UKEdMag: Creating Wonder in High Prior Attainers by @mathsmuse

High prior attainers. Gifted and talented. High Achievers. The students that are aiming for the very top grades at GCSE, that we’re all determined to keep at A level for our subject. We put on trips. We run extracurricular clubs. We bring out the “Challenge Questions”. We create peer mentoring. But one thing we often neglect is developing their sense of curiosity in our subject, developing that sense of wonder and awe for the best little bits, that need to actually just know how/ why/where/what is going on with this little bit of your subject.

This article originally appeared in Issue 50 of the UKEdMagazine. Click here to freely view.

This is where the old classic “Know, Wonder, Learned” comes in. You’ve probably heard of it or seen it used as a nice starter/plenary. It is, after all, a great way to gauge prior learning and progress on a topic. What it can also be is a way to put challenge in your lesson, develop critical thinking skills, and show your passion for your subject. Focus on that word “Wonder”. It can mean “Well, I wonder what’s for dinner,” but it can also be used in awe and wonder. I think that’s a powerful combination. Students aren’t just talking about what they want to know but what they “wonder” about the topic.

I did this as a starter consistently for about a month and a half with a top set year 8 (and a few times with a bottom set year 8 that I saw less frequently) in their mathematics lessons. I put up a slide containing only the title, learning objective, and the three success criteria – at my school we called them bronze, silver and gold. Students then had 5-10 minutes to write down anything they knew about the words on the board and anything they wondered about them. Then we spent a bit of lesson time (5-10 minutes) going through the wonders. This sounds like a huge chunk of lesson time, I agree. But it served two important functions: it made sure that all the keywords and ideas were covered, and it hooked the students into the topic in a way I haven’t seen replicated without a lot of preparation time for the teacher.

It started out, as all things do, a little rocky. We got the important wonders – “What does [word] mean?” – and the cheekier wonders – “When will I ever need to know this?”. We covered the important things that they needed to know. And after a week or so, we started to get really interesting wonders: “Can you translate a shape in 3D? In 4D? What is 3D really? What about 4D? 1D? 0D?” The sort of questions you go to university to explore. The students started to pick up on relationships between topics we’d done before because they were actively thinking about the topic and what interesting questions they could ask. It almost became competitive; who could come up with the most interesting wonder?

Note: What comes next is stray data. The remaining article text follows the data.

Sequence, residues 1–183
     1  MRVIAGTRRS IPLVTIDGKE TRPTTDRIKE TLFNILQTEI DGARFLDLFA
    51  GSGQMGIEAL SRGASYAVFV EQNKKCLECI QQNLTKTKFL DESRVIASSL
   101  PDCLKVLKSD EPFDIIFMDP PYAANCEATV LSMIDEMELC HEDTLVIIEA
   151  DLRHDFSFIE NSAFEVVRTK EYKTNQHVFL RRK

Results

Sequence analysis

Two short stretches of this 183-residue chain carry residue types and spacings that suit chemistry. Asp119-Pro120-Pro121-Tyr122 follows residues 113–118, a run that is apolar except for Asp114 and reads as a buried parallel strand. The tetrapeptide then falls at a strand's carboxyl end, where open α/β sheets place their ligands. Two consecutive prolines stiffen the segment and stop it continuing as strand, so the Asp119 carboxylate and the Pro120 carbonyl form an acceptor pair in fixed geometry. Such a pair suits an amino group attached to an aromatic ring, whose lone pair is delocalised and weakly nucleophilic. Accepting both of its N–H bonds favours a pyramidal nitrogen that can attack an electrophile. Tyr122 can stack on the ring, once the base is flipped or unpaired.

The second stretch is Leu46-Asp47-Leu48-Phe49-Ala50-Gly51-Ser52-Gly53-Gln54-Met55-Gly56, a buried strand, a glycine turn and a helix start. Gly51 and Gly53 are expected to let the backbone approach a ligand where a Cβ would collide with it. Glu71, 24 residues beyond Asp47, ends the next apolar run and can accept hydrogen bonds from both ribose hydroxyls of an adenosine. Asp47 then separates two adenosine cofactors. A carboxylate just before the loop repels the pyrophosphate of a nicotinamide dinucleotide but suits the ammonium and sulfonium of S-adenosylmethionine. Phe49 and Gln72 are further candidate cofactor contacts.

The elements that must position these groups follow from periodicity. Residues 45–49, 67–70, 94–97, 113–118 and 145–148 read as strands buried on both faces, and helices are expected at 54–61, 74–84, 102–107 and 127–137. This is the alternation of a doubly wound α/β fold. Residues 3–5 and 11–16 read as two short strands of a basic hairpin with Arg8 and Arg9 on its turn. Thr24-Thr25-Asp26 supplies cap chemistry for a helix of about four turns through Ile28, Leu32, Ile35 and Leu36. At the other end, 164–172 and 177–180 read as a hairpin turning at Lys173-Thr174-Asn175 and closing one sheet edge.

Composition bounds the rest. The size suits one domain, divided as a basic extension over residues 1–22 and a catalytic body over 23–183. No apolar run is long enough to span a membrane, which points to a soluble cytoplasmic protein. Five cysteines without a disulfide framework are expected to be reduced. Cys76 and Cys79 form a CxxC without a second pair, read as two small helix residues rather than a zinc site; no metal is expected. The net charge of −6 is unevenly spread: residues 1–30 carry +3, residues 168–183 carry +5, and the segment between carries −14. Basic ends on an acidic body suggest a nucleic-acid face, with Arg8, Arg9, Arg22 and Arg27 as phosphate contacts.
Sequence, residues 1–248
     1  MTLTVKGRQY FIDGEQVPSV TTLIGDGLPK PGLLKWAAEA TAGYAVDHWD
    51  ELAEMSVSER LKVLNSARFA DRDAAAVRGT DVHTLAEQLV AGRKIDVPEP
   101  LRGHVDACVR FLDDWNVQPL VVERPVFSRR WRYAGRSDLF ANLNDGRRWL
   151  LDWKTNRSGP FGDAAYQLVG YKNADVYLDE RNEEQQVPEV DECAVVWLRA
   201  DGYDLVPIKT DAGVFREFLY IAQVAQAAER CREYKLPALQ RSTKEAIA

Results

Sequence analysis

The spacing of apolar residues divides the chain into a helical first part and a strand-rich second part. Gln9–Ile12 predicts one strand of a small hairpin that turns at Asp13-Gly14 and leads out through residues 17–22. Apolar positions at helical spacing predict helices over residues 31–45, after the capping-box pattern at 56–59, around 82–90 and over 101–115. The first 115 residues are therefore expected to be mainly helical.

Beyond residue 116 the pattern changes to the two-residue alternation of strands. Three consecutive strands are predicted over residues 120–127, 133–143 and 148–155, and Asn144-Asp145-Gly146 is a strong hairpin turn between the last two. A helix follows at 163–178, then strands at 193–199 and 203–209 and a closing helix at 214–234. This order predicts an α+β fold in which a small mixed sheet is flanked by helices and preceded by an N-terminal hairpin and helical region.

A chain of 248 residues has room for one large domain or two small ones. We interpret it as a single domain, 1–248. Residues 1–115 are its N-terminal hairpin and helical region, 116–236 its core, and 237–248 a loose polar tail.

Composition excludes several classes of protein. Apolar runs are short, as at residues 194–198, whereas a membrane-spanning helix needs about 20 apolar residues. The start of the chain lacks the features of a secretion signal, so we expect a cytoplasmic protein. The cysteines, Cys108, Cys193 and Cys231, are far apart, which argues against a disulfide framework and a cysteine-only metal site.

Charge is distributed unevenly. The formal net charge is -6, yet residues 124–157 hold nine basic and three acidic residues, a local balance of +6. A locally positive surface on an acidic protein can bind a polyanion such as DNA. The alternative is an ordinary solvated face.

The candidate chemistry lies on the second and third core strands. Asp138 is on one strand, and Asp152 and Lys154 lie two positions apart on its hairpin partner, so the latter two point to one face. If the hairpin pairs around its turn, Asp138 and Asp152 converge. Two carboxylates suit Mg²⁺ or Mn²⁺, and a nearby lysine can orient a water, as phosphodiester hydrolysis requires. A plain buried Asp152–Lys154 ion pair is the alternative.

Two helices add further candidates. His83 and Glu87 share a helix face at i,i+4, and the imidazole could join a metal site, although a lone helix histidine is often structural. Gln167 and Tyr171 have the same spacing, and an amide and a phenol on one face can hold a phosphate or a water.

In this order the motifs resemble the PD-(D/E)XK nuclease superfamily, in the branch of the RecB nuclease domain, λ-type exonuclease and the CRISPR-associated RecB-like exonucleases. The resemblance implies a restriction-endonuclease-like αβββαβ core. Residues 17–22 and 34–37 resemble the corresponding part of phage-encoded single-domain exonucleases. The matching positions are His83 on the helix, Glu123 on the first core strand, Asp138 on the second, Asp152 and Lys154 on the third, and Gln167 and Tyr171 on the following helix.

This is all well and good, you might say. You have the engagement, but do you have the learning? Well, yes, actually. The fact that the lesson was driven by their questions for the first quarter of the lesson meant that I was able to adapt my teaching very effectively to their prior knowledge and that students felt secure in what they knew. The “know” portion of the lesson acted as retrieval practice, strengthening the facts in their memory. The “wonder” portion, where they shared, was actually the main teaching portion of the lesson as one of the wonders would invariably be “how do you do it?” The lesson was shaped by my students and the teaching was demanded of me by their own curiosity. Test results, in our roughly 3-weekly assessments, were up and the proportion of the students exceeding target grades improved dramatically. Most importantly, the students started to think of themselves as mathematicians.

We paired this with “Key Word Register”. A simple idea to keep key words being used and to encourage students to look back for key words. When your name is called, you say a key word. If someone thinks you don’t know what it means, they shout “challenge” and you have to define it. If you define it correctly, you get one point. As time went on, between the “wonder” and this, students were spending time outside of lessons finding out the answers to wonders and finding more and more obscure and interesting key words. I doubt you’ll find many Year 8 classes that have such a secure understanding of bounded infinities (a key word one student found, was challenged on, failed the challenge and went home and delved into), or matrices.

Between these two activities, the engagement and attainment of pupil premium students soared. Students who were disengaged in other lessons were focussed and doing extra work just to be part of the experience. I found the use of these activities to be transformative to my class. I haven’t used either of them for a few months, as too much repetition can get stale, but you can still feel the hunger to learn. They still ask fantastic questions and search for interesting key words, because we’ve shown them how valuable and interesting it is to do so.

Next year I would love to start wonder journals, where students can write down their wonders for every subject. I’d hope it could lead to students making those cross-curricular links that would strengthen their understanding. They had already started to do that just in mathematics lessons, so I can only imagine how powerful this would be if it was adopted more holistically.

Caroline @mathsmuse is a KS3 mathematics coordinator in an Inner London all-girls school with a passion for developing mathematical thinking and education research. Find out more at

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The Editorial Account of UKEdChat, managed by editor-in-chief Colin Hill, with support from Martin Burrett from the UKEd Magazine. Pedagogy, Resources, Community.

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